There are plenty of fantastic one liners across the 22 movies of the MCU, with Endgame delivering a whole host of fantastic zingers. It’s been 5 days since I experienced the conclusion to this epic saga, but I still can’t shake it. “Part of the journey is the end." That one in particular stands out more than most, and it stings. Which, ultimately, is proof that these movies matter.
Maybe not matter in the “going to change the world” sense. But matter in the hearts of millions around the world? Matter to people that have connected with these characters, have grown with them, witnessed their stories, felt their heartaches, cheered at their triumphs? Yes.
It’s easy to be cynical in this world. The reason these films even exist is because a multi-billion dollar corporation is making ridiculous amounts of money from them. They exploit nostalgia in a hardcore fanbase and are created in such a way to appeal to the maximum number of people as possible, all in pursuit of maximum profit. There’s no arguing that the billions of dollars these movies make could go towards ending world hunger, combatting climate change or any number of worthwhile causes. But instead, they line the pockets of the richest in the world, 2-3 movies per year, forever.
Despite that, there’s a reason that 11 years on, the MCU has only grown in it’s appeal. It, as a thing all its own, isn’t cynical. In the stories it tells, even in the darkest of times - such as the end of Infinity War - there is always hope. There’s always a fight to have, a choice to do what’s right, even when the chance is one in fourteen million, six hundred and five.
Good VS Evil might be all well and good, but the stories these films tell are barely ever just that. The franchise began with a critique on weapon manufacturing in a post 9/11 world with Iron Man. The third Iron Man film focuses on dealing with anxiety and PTSD. The Winter Soldier questions the surveillance state and challenges us on how to react in the face of being told to do something you know is wrong. Civil War asks how we should go about limiting and controlling power. Thor Ragnarok discusses how to deal with loss in the face of tragedy. Captain Marvel values the idea of thinking for yourself over blindly believing what others might say, or simply following those that would manipulate you for their own gain.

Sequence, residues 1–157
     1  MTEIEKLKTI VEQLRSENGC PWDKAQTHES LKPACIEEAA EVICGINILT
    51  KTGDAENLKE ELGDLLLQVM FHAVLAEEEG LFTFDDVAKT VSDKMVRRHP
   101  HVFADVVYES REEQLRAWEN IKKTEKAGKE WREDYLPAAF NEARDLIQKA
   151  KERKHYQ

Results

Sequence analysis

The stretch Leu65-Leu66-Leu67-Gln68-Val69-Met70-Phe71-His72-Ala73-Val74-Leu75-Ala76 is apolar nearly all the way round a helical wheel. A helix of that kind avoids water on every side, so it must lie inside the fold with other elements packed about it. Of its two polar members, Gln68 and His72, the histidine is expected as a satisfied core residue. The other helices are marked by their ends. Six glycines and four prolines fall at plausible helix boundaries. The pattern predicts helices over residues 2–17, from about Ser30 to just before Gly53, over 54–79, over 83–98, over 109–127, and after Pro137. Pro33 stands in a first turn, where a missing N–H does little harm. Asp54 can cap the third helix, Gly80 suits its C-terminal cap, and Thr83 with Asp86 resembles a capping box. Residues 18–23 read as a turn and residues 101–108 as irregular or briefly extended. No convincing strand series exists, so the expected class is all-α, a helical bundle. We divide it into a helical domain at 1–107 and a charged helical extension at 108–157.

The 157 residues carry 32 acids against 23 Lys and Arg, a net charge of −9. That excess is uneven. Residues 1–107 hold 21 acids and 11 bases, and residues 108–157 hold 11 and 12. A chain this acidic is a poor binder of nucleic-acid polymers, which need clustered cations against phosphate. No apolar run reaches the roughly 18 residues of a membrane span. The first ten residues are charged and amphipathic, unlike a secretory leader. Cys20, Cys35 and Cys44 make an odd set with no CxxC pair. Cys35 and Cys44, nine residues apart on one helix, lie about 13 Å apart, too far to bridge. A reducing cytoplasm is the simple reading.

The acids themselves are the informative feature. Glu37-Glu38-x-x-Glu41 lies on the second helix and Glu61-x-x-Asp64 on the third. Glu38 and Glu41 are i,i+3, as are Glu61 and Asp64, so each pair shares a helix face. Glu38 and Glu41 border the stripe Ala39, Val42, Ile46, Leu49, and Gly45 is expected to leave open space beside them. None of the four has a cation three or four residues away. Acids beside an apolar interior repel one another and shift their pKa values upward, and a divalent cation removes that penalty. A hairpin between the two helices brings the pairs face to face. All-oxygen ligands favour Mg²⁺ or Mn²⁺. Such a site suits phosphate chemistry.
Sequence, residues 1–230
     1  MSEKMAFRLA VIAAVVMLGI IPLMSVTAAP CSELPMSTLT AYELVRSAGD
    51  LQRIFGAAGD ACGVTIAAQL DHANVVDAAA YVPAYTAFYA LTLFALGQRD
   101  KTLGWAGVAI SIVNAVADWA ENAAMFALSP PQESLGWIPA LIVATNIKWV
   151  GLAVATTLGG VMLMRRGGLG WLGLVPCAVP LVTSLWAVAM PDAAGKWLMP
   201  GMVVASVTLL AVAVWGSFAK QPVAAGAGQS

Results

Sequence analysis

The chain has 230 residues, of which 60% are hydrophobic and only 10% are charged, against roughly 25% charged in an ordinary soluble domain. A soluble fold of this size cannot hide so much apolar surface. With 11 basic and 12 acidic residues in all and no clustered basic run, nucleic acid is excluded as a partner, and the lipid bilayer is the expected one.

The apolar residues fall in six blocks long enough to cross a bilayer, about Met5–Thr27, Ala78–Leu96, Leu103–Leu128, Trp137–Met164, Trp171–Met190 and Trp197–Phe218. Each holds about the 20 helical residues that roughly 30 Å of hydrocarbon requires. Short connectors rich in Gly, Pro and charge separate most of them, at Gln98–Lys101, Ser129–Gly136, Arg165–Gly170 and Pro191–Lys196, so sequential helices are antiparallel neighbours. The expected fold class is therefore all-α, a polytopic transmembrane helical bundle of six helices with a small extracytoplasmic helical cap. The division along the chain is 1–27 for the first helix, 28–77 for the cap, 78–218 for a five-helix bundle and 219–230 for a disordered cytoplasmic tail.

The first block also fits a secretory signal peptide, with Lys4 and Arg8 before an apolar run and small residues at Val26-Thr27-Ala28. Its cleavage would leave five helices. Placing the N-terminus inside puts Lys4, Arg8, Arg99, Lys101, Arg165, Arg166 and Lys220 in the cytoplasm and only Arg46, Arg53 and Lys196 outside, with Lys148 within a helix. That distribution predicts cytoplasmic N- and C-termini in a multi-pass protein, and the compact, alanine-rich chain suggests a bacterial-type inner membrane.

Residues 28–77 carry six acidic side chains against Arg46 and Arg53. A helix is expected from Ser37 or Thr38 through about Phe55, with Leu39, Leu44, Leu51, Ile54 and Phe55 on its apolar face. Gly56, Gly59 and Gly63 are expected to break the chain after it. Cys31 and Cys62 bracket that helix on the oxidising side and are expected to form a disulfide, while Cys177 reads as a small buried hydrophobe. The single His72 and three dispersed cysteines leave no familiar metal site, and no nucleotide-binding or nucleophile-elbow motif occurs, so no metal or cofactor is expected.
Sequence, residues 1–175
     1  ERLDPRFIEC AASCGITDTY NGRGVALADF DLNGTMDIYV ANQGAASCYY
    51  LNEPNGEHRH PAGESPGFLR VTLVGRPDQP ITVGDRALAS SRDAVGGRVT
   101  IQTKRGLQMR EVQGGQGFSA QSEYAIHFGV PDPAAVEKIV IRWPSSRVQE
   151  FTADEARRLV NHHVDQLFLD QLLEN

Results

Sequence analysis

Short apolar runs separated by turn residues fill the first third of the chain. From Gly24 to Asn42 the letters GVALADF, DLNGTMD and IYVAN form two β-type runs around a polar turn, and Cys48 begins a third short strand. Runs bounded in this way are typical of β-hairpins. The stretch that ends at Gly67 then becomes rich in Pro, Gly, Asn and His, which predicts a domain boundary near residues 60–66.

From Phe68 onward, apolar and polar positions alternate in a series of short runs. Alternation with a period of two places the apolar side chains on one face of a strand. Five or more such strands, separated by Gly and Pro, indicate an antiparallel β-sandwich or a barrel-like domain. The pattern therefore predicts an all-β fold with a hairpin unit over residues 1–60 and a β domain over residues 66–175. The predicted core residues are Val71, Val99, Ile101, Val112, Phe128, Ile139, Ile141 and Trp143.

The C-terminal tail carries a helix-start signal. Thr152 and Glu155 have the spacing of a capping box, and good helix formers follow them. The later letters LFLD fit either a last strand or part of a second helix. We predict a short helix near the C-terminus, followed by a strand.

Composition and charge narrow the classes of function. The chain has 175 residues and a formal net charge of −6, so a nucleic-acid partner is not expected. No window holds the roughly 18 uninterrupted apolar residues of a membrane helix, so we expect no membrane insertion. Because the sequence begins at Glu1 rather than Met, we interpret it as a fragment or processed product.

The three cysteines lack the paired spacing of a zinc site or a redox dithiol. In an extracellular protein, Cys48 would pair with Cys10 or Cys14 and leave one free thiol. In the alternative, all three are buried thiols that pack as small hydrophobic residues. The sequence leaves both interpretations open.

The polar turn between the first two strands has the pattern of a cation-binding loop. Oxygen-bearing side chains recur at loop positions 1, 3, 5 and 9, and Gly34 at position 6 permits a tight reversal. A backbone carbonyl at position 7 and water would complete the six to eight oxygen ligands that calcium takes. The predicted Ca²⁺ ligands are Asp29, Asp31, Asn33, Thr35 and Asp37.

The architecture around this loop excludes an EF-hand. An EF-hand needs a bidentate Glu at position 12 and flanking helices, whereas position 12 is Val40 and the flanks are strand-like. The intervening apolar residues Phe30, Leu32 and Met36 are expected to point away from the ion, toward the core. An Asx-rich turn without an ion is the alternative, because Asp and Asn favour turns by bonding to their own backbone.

Behind all those big ideas and themes though, are our characters. Characters that feel - despite being gods, super soldiers and genius billionaire playboy philanthropists - relatable. They might struggle at proportions that we never will, but they struggle.
Steve Rogers is a classic “good” person, who’s moral compass - despite the world continuously pushing him - does not waiver. He takes on the mantle of Captain America, but he does not simply fight for one country. He fights for the ideals that America is meant to be based on - liberty, equality, choice, freedom. He fights for humanity. His choices are always based on the moral right, regardless of the lawful right.
Tony Stark is also “good” in the simplest of terms, but he is the character that grows the most throughout his arc. Beginning as a sheltered individual who’s worldview is shattered, Tony spends his entire time as Iron Man trying to protect. He wants to protect not only those closest to him, but the entire world. But no matter how far he comes, how many systems he puts in place and safeguards he establishes, he can never be finished.
And that’s where the stinger comes in. As a society, we struggle with the idea of “finished”. Conclusions don’t come easy to any of us. Our lives are built around a continuous cycle - the work is never really done; our current monetary situation is never enough; we consume with the knowledge that there will always be more.
It’s why modern society is never ready for death. The most guaranteed part of human existence is that it ends. Yet we fight it, ignore it, run from it, fear it - because we are never truly “finished”. We always want more - to continue our stories, just a little longer if we can.
Entertainment media is filled with this idea: how many TV shows, movies, books etc do you know that truly “end” satisfyingly, let alone on the highest note? How many franchises go the course, then are ran into the ground by further expanding on the story?
To be clear, that’s probably what will eventually happen with the MCU. It will go on as long as it makes money, and it will make money until it is no longer “good”. But Endgame represents a true bookend to a story arc, and a true end for some of our heroes. And that’s hard to wrap our heads around.
But, as with all things, part of the journey is the end. The characters that we’ve lost and the actors that portrayed them may (and will, in some cases) come back in some capacity in the future, but as of now, their stories have reached their conclusion. And though they are completely fictional, their ideals, hopes, connections and heroics will always live on in our hearts.
Because being a hero isn’t about reversing world-wide devastation or shooting aliens with lasers; it’s about standing up for what’s right, protecting those you can, and never wavering from what is morally just, all the way to the journey's end.